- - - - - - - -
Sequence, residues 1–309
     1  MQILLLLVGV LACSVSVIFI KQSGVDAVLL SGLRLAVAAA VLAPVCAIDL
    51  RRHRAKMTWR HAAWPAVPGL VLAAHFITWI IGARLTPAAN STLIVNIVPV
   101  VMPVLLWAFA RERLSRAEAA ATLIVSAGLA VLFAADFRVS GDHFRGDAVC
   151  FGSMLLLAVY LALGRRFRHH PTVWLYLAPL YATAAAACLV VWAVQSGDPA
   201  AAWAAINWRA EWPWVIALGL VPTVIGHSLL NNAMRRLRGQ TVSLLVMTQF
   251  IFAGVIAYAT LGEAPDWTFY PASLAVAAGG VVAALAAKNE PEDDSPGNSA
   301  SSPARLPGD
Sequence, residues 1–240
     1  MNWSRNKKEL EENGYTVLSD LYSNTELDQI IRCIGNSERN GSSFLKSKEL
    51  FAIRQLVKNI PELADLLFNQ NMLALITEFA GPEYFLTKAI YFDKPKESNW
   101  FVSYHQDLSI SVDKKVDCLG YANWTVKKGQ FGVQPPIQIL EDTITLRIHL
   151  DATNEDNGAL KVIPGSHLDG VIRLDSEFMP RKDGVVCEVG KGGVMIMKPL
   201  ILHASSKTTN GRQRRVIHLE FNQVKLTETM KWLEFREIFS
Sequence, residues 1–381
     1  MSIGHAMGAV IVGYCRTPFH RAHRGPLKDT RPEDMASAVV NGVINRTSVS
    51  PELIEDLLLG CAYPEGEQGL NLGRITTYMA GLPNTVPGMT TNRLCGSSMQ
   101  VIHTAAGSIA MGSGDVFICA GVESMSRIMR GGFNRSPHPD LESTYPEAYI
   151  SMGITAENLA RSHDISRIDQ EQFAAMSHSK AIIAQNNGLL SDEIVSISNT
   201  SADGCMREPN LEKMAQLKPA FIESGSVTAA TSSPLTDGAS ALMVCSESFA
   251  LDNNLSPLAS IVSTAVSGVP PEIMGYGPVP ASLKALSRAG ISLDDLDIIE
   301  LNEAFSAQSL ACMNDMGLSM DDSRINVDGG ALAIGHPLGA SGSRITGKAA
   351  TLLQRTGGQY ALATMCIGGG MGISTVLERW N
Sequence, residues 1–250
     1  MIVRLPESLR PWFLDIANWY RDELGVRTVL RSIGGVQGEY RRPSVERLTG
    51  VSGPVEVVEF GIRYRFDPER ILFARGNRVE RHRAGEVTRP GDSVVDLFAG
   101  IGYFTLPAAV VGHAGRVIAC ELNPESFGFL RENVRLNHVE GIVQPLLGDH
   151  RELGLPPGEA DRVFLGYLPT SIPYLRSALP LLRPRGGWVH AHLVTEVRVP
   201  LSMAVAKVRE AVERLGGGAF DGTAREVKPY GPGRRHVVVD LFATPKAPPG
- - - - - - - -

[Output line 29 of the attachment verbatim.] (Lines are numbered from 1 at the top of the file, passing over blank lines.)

   201  LSMAVAKVRE AVERLGGGAF DGTAREVKPY GPGRRHVVVD LFATPKAPPG